Closer look at BMW's 4 Series conceptComment on this story
Now that, like Jodie Foster, the BMW 4 Series Concept is officially 'out', let's take a closer look at the Blue Propeller's sporty new coupé and its relationship to the 3 Series on which it's based.
To start with, it's bigger than the 3 Series, not smaller, as you would imagine; its wheelbase is 50mm longer, front track 44mm wider and rear track 80mm wider. At 4641mm overall, the concept is distinctly longer and it's 44mm wider at 1826mm.
Its roofline, however, is 16mm lower, which fits the car's sporty persona.
Genealogically speaking, the 4 Series is actually the fourth generation of the 3 Series Coupé, but BMW has chosen to make it a stand-alone design to enhance its sporty appeal - not least, we suspect, in answer to some very sexy two-door models from both Mercedes-Benz and Audi, which owe little, style-wise, to the sedans whose platforms they share.
The 4 Series is intended to share the exclusive upmarket glow that bathes its 6 and 8 Series siblings, firstly through classic coupé proportions - long bonnet, rear-set glazed area, short rear deck and short overhangs, particularly in front.
Most front-engined cars - including the 3 Series - are wider in front than at the rear, but the 4 Series' widest point is across the rear wheel-arches, a distinction it shares with Jennifer Lopez and the Shelby Cobra.
In contrast to the current trend towards colour-coding the detail work, functional elements such as air intakes and vents, door handles and mirrors housings are satin-finished aluminium.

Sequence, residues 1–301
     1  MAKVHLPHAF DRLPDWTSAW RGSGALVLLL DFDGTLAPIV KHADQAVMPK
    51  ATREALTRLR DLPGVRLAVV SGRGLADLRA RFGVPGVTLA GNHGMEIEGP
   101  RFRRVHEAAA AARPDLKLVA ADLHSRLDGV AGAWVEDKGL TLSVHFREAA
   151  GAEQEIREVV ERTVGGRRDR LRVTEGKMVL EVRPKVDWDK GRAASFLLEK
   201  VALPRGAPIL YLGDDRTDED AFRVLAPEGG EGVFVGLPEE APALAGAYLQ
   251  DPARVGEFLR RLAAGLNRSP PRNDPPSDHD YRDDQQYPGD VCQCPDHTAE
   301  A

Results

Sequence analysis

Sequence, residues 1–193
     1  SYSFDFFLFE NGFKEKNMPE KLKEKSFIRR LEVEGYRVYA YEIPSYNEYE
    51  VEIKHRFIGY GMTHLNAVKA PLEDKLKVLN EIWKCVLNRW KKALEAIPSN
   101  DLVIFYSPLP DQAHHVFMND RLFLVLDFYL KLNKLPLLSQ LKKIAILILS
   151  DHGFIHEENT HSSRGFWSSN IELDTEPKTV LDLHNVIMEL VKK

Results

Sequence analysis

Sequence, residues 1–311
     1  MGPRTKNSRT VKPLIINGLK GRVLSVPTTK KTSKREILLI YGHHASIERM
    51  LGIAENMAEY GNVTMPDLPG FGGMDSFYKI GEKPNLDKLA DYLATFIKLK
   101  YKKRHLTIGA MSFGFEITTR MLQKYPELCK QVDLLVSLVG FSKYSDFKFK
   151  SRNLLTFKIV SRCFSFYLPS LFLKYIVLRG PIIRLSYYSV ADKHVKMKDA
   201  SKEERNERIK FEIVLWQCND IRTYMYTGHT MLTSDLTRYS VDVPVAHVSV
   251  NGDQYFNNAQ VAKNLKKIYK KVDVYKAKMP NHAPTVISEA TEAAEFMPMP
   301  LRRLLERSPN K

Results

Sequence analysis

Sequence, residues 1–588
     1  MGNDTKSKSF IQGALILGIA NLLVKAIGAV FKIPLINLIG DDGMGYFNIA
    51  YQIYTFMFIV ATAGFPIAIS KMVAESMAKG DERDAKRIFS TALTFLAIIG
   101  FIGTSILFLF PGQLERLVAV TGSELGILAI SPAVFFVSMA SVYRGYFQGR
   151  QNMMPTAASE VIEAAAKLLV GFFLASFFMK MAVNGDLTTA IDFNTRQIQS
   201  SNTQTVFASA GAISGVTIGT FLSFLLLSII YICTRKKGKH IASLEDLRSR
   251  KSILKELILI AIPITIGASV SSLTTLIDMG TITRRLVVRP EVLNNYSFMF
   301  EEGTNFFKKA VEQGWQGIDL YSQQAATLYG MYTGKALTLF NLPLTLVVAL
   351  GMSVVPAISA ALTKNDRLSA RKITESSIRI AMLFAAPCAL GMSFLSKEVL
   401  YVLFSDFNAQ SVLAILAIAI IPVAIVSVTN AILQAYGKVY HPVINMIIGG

The kidney grille is closed off to improve aerodynamics, with unobtrusive dark surfaces between the satin-finish grille slats, while the full-LED headlights are a high-tech hexagonal interpretation of BMW's signature dual circular design.
An optic fibre leads out from the inner headlight tube and forms a visual link between the inner headlight and the kidney grille, making the 4 Series look even wider from the front.
But the most eye-catching feature of the front treatment is the gaping three-part air intake in the front apron, its wide opening - emphasised by three strikingly sculptured, satin-finish aluminium trim elements - hinting at the extra air required by the powerful engine.
The concept's profile is dominated by a long, straight shoulder, below a gently slopping roofline - the 4 Series is very nearly a fastback - and an elegantly drawn C pillar.
The vent behind the front wheel works in tandem with the front spoiler reduce drag around the front wheels, while special 20” multi-spoke rims add some extra street cred.
Strong horizontal lines emphasise the wide rear track (no more J-LO analogies here) with L-shaped tail-light clusters blending into the contours of the boot-lid and rear wings.
The concept's cabin was styled with the help of BMW's Individual customising division, wrapped around the driver in typically BMW fashion. All the lines sweep back to the rear, while clearly defined surfaces around the window sills and door trim panels connect the front and rear compartments.
Strong contouring on the rear bench seats makes it look like two individual seats joined together.
The environmentally friendly tanning process used for the black and brown two-tone leather trim gives it a soft, welcoming texture, while light contrast stitching visually firms up the seams, and hand-braided trim elements run vertically down the seats, as well as around the cup holders and floor mats.
Chestnut veneer wood trim adds the finishing touch.
ENOUGH SHOW - WHAT ABOUT THE GO?
BMW's Detroit media material says nothing about engine options, but it's safe to assume that most if not all the engines available in the new 3 Series will find their way into the production versions of Fabulous Four, starting with two-litre 420i and 425i models, 420d and 430d diesels, plus of course, a 435i with BMW's iconic 225kW turbocharged three-litre straight six.
And, in the fullness of time, there will be an M4; if the rumours buzzing around the cybergarage are to be believed, it's likely to have a new six-cylinder engine of either three or 3.3-litre capacity and two turbochargers, plus a small, electrically-driven supercharger to boost bottom-end response, and deliver about 330kW, compared to the 309kW of the current V8 M3.